“I regard my nomination for the INEC job as the greatest challenge of my life, and I will do everything to ensure that I excel,” says Chairman-designate of the Independent National Electoral Commission (INEC), Prof. Attahiru Jega, during his confirmation hearing at the Senate
Unfolding his plans for the country if his nomination is ratified, Jega said his mission at INEC is to give competent and effective leadership that will bring about a free and fair election.
The university don said his mission is not to make illicit money but to go to INEC and make a difference.
“I want to be remembered as a person who led the INEC that conducted the freest and fairest election in the country,” he said.
Jega, the Vice-Chancellor of Ado Bayero University, Kano, pledged to put in place proper policy framework to guarantee an election whose results would be generally acceptable to Nigerians.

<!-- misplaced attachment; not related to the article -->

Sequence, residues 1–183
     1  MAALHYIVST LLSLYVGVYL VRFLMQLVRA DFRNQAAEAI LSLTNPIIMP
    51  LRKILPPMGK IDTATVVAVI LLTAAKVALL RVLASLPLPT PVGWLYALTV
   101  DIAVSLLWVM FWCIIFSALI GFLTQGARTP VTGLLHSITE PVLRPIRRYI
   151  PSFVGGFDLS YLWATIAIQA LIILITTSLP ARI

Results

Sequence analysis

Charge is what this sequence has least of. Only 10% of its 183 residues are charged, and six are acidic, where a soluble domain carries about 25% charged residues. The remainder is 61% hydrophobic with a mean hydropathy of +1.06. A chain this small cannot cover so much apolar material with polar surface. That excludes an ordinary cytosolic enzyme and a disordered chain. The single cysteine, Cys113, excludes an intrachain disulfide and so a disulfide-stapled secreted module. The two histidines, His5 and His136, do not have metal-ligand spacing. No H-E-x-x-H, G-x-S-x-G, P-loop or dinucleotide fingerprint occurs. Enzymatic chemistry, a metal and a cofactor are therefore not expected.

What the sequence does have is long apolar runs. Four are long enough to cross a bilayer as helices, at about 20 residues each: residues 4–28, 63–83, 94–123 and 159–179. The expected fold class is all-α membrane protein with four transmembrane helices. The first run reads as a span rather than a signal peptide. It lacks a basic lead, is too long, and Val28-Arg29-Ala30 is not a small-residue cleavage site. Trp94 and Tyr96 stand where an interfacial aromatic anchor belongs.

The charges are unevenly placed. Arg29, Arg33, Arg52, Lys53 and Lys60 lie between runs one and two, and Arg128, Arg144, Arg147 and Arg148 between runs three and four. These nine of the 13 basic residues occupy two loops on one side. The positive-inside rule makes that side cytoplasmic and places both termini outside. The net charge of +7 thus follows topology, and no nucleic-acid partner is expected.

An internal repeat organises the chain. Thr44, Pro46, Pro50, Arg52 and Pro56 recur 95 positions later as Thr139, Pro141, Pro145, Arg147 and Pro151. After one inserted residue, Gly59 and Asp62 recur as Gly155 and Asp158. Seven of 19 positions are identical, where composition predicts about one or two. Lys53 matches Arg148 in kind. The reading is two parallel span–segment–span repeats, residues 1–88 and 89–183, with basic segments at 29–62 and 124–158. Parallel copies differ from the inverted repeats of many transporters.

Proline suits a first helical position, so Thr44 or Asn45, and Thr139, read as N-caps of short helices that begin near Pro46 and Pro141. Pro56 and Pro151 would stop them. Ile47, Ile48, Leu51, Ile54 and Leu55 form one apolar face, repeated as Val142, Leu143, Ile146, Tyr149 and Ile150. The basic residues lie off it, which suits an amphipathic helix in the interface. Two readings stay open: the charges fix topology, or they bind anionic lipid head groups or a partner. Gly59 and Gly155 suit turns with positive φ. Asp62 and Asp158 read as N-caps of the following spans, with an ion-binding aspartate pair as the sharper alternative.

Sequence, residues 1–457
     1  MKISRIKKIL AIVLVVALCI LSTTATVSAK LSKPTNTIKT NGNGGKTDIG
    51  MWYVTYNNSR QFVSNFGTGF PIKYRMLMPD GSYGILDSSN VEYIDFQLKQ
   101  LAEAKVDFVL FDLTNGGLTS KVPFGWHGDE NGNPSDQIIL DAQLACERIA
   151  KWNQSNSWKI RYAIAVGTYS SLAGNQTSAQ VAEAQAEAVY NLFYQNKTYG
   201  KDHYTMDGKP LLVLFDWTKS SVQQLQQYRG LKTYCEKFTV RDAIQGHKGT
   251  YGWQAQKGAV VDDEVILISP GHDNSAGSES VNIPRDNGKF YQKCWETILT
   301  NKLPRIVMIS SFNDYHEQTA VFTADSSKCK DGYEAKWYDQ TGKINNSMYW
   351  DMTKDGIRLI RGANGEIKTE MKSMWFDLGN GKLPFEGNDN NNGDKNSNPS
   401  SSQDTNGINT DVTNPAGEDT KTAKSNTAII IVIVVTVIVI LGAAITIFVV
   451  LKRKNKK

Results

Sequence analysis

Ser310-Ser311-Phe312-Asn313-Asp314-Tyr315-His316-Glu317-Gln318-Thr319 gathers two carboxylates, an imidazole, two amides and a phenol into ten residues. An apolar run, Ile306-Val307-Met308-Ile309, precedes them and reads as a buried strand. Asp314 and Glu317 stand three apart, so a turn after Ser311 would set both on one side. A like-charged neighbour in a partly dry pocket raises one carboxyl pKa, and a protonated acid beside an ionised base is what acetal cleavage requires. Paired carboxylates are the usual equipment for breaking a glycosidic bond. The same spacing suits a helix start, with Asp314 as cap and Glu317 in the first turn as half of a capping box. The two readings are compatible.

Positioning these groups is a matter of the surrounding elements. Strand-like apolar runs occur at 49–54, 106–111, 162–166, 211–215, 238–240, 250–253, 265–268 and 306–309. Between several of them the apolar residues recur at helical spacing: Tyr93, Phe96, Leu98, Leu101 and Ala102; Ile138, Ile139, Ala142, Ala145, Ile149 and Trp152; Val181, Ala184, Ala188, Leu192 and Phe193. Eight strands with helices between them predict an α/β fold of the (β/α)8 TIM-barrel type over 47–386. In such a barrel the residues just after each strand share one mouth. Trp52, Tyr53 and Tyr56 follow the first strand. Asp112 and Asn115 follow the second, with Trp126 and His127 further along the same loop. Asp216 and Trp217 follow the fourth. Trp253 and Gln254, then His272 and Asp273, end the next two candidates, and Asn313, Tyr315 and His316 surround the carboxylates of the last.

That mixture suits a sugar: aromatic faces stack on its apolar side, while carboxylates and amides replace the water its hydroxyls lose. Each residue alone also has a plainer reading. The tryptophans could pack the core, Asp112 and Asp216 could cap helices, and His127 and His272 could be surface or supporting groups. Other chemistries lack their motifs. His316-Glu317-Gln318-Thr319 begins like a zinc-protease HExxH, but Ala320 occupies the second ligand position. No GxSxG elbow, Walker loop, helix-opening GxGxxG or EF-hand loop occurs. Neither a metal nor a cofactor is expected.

As a prelude to this, he said his priority areas on assumption of office will be: prompt review of the voters register; internal reorganization of INEC and a comprehensive voters’ education.
“The credibility of the 2011 election will be predicated on the credibility of the voters’ register”, he said, stressing that his main challenge is to ensure that the voters’ register is done well and is acceptable to the majority of the people for it to serve as a good framework for a credible election.
He admitted that corruption is a very serious issue at the commission, pledging, however, that he would run a corrupt-free body as a prelude to conducting a credible, free and fair election next year.
Jega was nominated by President Goodluck Jonathan and endorsed by the National Council of States two weeks ago for the job. His nomination has elicited commendation across the country with few Nigerians calling for caution, saying the fact of Jega’s appointment alone cannot guarantee free and fair election.